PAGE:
In 1995, Silverchair's "Tomorrow" became the single most played song on US modern rock stations, quite a feat for three 15 year olds from Australia. Since then, Silverchair has become the most successful band in their homeland's history, winning more Arias, the Grammy's of Australia, and charting more number-one records than any other act.

Their sound has evolved considerably since their grunge-styled early work to their latest release "Young Modern," a meticulously produced masterwork that combines elements of glam rock and orchestration reminiscent of Sergeant Pepper's/Revolver-era Beatles and Pet Sounds/Smile Era Beach Boys. Starpulse spoke with Silverchair frontman Daniel Johns as the band makes their way through the final leg of their current U.S. tour.

I found it interesting that after the tragic events such as the ones that influenced your album Neon Ballroom, that there is a trend for artists such as yourself or Spiritualized, the Polyphonic Spree, the Manic Street Preachers, that they started to incorporate strings or symphonic arrangements into their music. Why do you think that might be?
Personally, I think I've always been interested in other instrumentation. It's kind of weird that we put our band together at 12 years old and our first songs were written between the ages of 12 and 14 and then that became Frogstomp. I think when you've got broad ambitions and limited abilities you can paint yourself into a corner unless you try and tackle something that is above and beyond your abilities. And on the second record we started working a little bit more with strings with a lady called Jane Scarpantoni, who now works for Lou Reed. She was really inspiring to work with and taught me a lot about string arrangements. And then for Neon Ballroom I basically stopped listening to rock and roll music because I just left school after our second record and I moved into a house and banned myself from rock and roll music and just started listening to a lot of cinematic stuff and film scores and watching a lot of film and listening to musicals. Neon Ballroom was very inspired by that and I worked with Jane Scarpantoni again to get string arrangements. Everything that I liked from Neon Ballroom was still very much a broad concept, but I still didn't really know what I was doing until Diorama. And that's when we got Van Dyke Parks involved and that's when I really started to know what I was doing with strings and know what I was doing with the sonics of the band, and I started producing more. By the time we got to Young Modern there were so many things I felt like I learned which is why the album is called Young Modern. It was a nickname that Van Dyke Parks gave to me. I felt like it encapsulated the feeling that, for, us we're starting again but with this series of lessons that have been learned over the last 10 years.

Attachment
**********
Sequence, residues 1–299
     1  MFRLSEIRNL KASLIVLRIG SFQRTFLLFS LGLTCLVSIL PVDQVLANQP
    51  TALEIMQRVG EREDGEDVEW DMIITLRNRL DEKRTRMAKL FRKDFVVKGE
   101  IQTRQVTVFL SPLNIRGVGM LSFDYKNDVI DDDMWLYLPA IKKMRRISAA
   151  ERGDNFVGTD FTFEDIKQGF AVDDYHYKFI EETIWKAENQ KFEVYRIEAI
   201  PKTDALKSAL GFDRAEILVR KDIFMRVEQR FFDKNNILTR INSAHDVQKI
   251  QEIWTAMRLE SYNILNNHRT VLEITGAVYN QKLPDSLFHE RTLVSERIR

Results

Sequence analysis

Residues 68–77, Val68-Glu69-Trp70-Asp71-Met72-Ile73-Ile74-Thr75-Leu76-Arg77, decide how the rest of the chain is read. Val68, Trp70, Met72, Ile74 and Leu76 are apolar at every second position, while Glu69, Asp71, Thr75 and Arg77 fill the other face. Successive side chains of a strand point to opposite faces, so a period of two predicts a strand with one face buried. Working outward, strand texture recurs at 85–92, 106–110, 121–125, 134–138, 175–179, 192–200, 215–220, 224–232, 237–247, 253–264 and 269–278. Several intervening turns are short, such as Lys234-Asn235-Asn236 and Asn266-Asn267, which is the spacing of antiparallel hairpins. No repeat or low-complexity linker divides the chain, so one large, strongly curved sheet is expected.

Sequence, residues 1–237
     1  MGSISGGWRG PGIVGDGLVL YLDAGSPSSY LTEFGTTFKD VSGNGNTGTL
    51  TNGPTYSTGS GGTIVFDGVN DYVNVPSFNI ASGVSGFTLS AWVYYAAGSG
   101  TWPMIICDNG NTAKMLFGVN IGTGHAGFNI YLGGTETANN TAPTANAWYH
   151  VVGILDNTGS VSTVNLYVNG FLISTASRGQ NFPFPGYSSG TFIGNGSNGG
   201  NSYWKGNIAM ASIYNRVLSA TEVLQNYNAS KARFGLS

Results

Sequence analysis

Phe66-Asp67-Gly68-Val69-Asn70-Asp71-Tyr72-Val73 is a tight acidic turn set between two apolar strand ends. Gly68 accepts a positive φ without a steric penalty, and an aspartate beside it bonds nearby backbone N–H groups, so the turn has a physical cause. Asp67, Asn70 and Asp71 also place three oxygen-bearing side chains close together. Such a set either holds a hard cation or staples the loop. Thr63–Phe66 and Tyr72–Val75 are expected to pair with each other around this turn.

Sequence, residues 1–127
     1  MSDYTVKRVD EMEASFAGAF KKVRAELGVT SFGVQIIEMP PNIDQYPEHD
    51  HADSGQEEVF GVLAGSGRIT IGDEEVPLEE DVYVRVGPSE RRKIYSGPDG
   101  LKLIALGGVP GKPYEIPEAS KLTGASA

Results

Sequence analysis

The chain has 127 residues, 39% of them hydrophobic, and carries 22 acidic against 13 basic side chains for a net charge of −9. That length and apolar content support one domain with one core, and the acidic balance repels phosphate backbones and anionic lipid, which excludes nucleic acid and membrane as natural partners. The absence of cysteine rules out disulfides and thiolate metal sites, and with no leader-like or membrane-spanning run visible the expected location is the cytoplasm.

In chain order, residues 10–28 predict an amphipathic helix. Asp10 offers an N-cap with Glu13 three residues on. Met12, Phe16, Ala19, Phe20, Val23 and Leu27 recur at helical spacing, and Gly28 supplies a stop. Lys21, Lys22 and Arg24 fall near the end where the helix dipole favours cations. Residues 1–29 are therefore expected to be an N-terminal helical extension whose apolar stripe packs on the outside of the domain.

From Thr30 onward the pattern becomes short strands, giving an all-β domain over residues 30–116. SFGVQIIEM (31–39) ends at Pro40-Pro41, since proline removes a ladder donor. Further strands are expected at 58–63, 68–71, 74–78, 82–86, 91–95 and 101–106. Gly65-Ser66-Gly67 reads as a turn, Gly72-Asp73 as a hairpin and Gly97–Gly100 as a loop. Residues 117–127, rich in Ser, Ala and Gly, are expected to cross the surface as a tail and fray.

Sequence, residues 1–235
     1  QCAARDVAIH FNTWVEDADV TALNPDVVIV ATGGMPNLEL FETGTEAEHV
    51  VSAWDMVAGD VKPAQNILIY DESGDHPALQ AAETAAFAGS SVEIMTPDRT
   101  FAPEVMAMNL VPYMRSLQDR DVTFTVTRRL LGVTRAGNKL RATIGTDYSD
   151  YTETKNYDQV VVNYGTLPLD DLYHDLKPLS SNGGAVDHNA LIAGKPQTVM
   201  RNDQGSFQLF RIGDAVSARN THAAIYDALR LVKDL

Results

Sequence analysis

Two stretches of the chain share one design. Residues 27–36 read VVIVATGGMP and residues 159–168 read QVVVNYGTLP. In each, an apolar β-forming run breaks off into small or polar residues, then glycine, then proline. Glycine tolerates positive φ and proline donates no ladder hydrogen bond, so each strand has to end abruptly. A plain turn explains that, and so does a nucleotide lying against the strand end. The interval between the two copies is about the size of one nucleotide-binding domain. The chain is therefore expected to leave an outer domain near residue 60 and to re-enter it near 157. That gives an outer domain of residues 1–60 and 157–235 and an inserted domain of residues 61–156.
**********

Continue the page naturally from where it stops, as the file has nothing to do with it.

And what sort of musical scores were you listening to when you began listening them?
I don't remember the exact scores, to tell you the truth. I was just watching lots of movies. I was still anorexic and quite sick, so I never left the house. I listened to everything I could get my hands on, whether it was old seven inches or watching movies. I watched a lot of, especially for Diorama, I got really into very flamboyant musicals, Judy Garland stuff, a lot of big band stuff, and listening to 60s Frank Sinatra recordings, which was a real inspiration for Diorama. I think now I have a deep appreciation for a beautiful arrangement or a beautiful melody, a perfect pop song or a perfect avant garde piece of music. I just have a very well rounded palette, there's no particular music that I listen to more than anything else.

So that's what you find yourself listening to now?
Yeah, recently I've started really listening to a lot of electronic music, stuff like Kraftwerk. When we were making Young Modern I had a pretty deep Brian Eno obsession, I was listening to Remain in Light, which he produced with the Talking Heads and a lot of his solo stuff. I've started listening to a lot of Kraftwerk and a lot of electronic stuff that I'd never really used as an influence for a record before. Now I think it's pretty broad, what I listen to. My iPod is just full of stuff that I find inspiring, whether it's classical stuff or Charles Mingus or the Spice Girls or Brian Eno. If I think something's a good song, I just listen to it.